Depraved, deluded and plainly not playing with a full deck, Nero ruled the world mostly through his imperial staff. It is the staff that the author focuses on in this, the first part of the Year of Four Emperors. Her characters include Nero’s personal secretary, the two Praetorian Prefects, the lowly messengers, the slaves and freedmen who made life possible in the palace complex. It is through their eyes and actions that we witness the downfall and overthrow of Nero. The author has given us an entertaining read full of drama and emotion and characters that are well written and who run the gamut from the lovable(Artemina) to the despicable(Sabinus); from the ostentatious, larger than life(Nero, Sporos) to the lowly slaves dwelling in the clutches of overseers and power hungry freedmen. The dialogue is crisp and quite witty, if just a tad modern at times and yet that did not dampen my enjoyment. Indeed I am looking forward to reading more of this series. 4 stars.
About the author:
After gaining a BA Hons in Ancient History LJ Trafford toured the amphitheaters of western europe before a collision with a moped in Rome left her unable to cross the road.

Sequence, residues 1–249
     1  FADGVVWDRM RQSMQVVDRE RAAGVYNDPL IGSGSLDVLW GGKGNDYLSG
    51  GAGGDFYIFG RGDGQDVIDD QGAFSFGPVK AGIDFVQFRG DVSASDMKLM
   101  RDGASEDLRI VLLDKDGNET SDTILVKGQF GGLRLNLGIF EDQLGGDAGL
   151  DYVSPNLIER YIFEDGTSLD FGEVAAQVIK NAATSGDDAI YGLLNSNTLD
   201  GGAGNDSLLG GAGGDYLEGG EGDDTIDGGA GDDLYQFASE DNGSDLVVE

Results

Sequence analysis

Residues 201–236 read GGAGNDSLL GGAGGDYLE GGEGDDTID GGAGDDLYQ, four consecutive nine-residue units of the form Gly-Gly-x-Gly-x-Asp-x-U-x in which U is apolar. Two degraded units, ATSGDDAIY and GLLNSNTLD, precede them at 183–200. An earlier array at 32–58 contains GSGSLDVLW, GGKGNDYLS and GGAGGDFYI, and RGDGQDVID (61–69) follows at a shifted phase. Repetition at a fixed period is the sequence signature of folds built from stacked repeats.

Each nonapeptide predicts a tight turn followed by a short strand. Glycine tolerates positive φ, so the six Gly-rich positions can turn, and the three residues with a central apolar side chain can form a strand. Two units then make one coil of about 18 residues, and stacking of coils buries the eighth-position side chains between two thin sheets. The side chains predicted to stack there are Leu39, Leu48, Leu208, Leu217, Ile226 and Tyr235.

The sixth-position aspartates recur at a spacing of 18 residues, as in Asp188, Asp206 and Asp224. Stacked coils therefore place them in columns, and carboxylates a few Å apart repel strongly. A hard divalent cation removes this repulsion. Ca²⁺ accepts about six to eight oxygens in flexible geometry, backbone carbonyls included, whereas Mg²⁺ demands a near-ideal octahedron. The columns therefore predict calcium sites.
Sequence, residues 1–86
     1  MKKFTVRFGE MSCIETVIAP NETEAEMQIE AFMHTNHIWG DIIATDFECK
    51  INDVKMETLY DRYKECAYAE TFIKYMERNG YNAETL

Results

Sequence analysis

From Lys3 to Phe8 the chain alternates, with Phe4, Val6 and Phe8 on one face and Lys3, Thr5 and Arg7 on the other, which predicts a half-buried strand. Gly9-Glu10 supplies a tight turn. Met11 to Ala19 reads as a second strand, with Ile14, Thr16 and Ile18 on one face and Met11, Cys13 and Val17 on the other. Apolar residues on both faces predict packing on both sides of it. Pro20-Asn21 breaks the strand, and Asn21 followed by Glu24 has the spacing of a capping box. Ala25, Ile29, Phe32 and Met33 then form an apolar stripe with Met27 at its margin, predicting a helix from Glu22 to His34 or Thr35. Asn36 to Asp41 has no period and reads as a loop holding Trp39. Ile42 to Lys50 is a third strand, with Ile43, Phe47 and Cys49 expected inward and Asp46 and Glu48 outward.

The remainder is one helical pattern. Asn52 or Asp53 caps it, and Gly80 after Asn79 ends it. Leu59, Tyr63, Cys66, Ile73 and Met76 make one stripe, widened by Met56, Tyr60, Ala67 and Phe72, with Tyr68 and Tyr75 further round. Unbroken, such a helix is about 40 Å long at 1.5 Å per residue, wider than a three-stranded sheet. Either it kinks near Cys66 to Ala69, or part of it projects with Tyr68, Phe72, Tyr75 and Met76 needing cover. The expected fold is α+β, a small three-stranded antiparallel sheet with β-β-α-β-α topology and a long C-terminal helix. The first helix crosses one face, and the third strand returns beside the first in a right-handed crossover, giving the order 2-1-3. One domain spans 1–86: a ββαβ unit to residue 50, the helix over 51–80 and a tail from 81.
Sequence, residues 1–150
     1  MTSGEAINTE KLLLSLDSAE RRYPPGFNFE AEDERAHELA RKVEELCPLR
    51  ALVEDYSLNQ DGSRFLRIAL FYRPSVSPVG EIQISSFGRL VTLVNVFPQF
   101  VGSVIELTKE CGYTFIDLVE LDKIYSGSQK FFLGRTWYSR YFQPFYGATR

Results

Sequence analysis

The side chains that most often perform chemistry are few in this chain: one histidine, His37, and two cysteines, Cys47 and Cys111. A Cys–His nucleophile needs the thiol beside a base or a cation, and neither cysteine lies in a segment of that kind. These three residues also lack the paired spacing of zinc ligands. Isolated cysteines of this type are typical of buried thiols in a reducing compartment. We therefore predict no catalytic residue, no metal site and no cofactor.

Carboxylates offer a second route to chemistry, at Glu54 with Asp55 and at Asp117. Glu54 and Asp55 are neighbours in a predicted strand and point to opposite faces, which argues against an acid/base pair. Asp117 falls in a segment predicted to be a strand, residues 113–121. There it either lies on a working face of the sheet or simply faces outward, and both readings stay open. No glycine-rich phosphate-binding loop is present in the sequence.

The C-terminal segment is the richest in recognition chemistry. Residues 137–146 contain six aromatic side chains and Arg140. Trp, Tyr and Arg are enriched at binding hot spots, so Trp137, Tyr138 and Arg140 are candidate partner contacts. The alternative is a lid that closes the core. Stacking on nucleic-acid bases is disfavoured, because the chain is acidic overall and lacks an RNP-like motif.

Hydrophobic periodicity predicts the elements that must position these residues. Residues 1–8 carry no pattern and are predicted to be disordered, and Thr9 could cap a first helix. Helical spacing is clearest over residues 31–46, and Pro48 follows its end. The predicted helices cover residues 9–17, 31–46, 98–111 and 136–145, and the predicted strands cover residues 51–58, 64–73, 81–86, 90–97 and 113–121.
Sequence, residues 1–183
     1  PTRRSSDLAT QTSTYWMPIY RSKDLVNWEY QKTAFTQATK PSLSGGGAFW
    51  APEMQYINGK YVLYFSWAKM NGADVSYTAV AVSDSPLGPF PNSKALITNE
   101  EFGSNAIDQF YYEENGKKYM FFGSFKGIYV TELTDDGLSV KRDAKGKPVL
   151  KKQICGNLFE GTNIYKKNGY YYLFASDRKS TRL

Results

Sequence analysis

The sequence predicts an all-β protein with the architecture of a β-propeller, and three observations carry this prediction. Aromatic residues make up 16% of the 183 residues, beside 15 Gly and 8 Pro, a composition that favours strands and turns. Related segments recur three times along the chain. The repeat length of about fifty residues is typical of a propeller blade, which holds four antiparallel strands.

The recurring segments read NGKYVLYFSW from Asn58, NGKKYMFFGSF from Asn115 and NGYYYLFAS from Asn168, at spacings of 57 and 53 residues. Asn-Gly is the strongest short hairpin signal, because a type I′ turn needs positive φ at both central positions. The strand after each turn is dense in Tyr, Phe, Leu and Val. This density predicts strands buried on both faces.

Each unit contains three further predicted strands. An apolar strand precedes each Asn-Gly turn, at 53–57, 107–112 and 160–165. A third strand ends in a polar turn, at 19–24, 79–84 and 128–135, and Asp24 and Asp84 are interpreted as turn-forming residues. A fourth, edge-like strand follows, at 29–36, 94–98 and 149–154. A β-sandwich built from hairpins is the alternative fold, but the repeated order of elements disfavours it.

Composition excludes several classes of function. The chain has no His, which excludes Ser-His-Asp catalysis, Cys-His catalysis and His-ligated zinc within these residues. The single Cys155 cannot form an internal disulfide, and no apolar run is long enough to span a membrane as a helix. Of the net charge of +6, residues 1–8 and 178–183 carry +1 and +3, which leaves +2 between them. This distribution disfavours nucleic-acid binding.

Which was a shame because there was some really cool stuff on the other side.
Returning to the UK somewhat battered and certainly very bruised she spent several years working as a tour guide. A perfect introduction to writing, involving as it did, the need for entertainment and a hefty amount of invention (it’s how she got tips).
She now works in London doing something whizzy with computers.
Palatine is the first in the Four Emperors series. Book Two is Galba’s Men, to be followed by Otho’s Regret and Vitellius’ Feast.
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